Outsourcing of Scandinavian welfare societies?
Consequences of private and nonprofit service provision for active citizenship
This project is designed to improve our understanding of how welfare politics; allocation of service contracts to public, private and nonprofit providers; and citizen roles are linked, by addressing the following research questions:
Under what circumstances are active citizenship roles as opposed to narrower consumerist roles likely to occur?
Does it make a difference if the providers belong to the public, private or the nonprofit sector?
Are there differences between welfare services where there is broad party consensus about the need to curb costs, as opposed to services where there is competition about improvement and expansion between the parties?
Do the institutional logics by which welfare service contracts are allocated to providers and expectations coordinated matter, i.e. is there a shift from government to governance?
The project will strengthen stakeholders' critical awareness of consequences of outsourcing and user choice for active citizenship.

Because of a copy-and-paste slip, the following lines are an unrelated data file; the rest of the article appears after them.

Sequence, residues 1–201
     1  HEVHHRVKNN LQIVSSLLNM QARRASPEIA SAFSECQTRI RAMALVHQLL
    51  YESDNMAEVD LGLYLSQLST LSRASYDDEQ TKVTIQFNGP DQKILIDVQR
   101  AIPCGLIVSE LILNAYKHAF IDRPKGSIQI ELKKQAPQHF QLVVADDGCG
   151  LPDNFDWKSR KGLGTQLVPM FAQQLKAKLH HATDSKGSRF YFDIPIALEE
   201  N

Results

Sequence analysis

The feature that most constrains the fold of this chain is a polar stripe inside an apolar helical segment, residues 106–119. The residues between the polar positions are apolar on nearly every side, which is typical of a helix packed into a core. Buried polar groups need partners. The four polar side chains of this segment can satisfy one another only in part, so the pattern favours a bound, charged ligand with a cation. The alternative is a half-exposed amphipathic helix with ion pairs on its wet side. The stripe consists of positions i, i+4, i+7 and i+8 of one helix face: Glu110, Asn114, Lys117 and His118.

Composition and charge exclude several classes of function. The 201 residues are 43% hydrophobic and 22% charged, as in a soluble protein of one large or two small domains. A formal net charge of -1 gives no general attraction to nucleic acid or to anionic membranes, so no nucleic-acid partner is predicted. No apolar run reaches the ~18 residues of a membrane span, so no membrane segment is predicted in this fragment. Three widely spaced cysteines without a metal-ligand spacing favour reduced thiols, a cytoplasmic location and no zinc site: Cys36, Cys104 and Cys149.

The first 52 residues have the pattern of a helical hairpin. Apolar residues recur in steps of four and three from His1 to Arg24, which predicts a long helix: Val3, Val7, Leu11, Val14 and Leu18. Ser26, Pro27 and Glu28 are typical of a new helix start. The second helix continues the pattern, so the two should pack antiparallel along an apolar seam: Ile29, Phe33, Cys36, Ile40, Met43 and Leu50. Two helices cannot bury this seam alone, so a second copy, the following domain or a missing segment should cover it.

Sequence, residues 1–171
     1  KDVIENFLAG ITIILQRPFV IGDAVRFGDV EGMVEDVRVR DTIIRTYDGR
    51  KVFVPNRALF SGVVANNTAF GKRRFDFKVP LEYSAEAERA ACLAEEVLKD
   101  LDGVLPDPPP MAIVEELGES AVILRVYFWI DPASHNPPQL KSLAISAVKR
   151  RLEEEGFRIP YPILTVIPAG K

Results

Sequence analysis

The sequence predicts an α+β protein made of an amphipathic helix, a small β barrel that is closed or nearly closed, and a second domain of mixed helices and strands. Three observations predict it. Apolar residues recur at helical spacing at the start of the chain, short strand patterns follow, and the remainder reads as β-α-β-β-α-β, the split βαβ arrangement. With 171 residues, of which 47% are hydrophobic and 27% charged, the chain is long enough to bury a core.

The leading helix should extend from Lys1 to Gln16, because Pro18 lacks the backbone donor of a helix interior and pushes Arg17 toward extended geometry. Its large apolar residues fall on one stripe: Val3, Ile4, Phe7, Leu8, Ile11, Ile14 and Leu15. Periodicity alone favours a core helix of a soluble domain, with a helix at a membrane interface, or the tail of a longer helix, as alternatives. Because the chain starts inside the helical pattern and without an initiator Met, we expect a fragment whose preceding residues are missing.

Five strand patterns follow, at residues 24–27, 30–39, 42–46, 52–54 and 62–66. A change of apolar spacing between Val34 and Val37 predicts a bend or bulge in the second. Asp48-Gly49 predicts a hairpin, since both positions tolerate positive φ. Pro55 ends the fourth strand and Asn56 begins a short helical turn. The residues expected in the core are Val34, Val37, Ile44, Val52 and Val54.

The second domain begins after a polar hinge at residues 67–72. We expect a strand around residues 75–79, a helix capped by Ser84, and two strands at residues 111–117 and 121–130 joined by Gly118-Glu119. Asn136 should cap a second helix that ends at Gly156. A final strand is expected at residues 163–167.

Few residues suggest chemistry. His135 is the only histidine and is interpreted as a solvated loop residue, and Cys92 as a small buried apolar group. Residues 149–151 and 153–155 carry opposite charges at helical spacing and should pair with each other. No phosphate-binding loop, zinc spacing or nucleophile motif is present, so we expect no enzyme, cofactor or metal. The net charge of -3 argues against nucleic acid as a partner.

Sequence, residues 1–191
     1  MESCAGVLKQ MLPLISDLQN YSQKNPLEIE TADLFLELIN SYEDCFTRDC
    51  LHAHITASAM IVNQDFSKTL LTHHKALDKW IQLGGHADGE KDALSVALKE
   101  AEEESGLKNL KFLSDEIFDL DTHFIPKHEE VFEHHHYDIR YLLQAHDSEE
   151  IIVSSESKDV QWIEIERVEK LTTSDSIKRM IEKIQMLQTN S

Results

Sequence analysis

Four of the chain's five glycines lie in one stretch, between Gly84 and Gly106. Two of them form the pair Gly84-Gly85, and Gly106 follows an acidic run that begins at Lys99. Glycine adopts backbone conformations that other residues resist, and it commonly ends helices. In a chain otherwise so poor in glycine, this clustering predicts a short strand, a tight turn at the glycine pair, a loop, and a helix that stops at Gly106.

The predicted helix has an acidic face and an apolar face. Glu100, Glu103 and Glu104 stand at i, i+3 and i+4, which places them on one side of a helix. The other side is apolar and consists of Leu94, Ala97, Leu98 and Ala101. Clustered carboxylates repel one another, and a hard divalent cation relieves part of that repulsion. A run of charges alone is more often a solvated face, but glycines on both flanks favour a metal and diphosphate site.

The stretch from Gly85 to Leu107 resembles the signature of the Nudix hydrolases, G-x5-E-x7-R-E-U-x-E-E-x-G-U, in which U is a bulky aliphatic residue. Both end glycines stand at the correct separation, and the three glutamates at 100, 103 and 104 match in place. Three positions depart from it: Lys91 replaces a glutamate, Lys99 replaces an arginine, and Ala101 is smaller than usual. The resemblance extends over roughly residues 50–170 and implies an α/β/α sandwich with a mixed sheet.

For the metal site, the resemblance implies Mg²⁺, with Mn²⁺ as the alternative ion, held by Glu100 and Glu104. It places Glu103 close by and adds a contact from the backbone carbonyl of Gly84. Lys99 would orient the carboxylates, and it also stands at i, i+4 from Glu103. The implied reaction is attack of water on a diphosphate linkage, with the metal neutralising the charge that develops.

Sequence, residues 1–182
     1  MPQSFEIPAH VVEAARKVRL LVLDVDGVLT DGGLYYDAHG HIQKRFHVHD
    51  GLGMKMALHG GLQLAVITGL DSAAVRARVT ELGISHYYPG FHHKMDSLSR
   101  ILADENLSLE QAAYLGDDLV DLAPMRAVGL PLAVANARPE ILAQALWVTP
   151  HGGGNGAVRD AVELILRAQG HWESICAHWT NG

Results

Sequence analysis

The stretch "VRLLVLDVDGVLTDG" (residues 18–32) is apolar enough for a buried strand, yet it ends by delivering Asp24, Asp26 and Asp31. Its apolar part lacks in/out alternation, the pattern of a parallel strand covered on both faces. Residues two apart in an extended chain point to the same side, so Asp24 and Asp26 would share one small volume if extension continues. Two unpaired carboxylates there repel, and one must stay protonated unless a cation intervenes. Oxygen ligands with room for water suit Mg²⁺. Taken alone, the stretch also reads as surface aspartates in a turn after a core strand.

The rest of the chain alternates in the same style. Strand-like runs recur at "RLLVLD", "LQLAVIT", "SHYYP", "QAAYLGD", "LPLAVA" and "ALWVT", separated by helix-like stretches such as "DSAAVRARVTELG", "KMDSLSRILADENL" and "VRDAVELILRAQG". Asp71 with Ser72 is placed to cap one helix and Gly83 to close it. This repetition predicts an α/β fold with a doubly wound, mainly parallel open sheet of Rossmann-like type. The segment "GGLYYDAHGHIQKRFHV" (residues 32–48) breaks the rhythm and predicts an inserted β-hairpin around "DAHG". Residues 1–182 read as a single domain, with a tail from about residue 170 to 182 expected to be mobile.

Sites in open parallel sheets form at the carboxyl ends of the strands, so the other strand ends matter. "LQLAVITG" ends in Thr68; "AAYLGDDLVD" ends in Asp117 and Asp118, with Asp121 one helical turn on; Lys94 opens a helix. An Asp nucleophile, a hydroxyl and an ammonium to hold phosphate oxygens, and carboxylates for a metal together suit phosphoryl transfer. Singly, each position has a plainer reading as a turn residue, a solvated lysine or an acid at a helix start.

Several recent policy documents point out that welfare services in a traditional sense are not sufficient to meet demanding challenges to the Scandinavian welfare models sustainability. New types of relations between the public purchasers of welfare services and the providers often involve different forms of quasi-markets, open tenders, frame agreements, or user choice. However, the Scandinavian countries have chosen different trajectories: Denmark has for a long time politically favoured non-profit welfare provision; Sweden has opened up for strong growth in for-profit provision; while Norway prefers public provision as long as there is sufficient capacity, in particular in compulsory education and essential health services.This means the Scandinavian countries are excellent cases for comparative studies.
To empirically analyse effects of changes in allocation and coordination of contracts to welfare service providers, we use a concept of "active citizenship" that focuses on "choice" in the marketplace of welfare services, extended "responsibility" for individual carers, families and communities; and "participation" in service delivery, policymaking and governance (Newman and Tonkens).
However, governments promoting active citizenship rights may also use these collectivist struggles to coopt political claims and turn them into individualized responsibilities and thereby advance consumerism at the expense of voice and power. Active citizenship is a contested concept. This is why we need to combine macro data analysis of the mix of welfare providers and allocation and coordination of contracts, with micro case studies of municipalities that includes interviews with politicians, welfare administrators, care providers, users and recipients and their next of kin to observe potentially contradictory and contested effects of how welfare services are allocated, coordinated and provided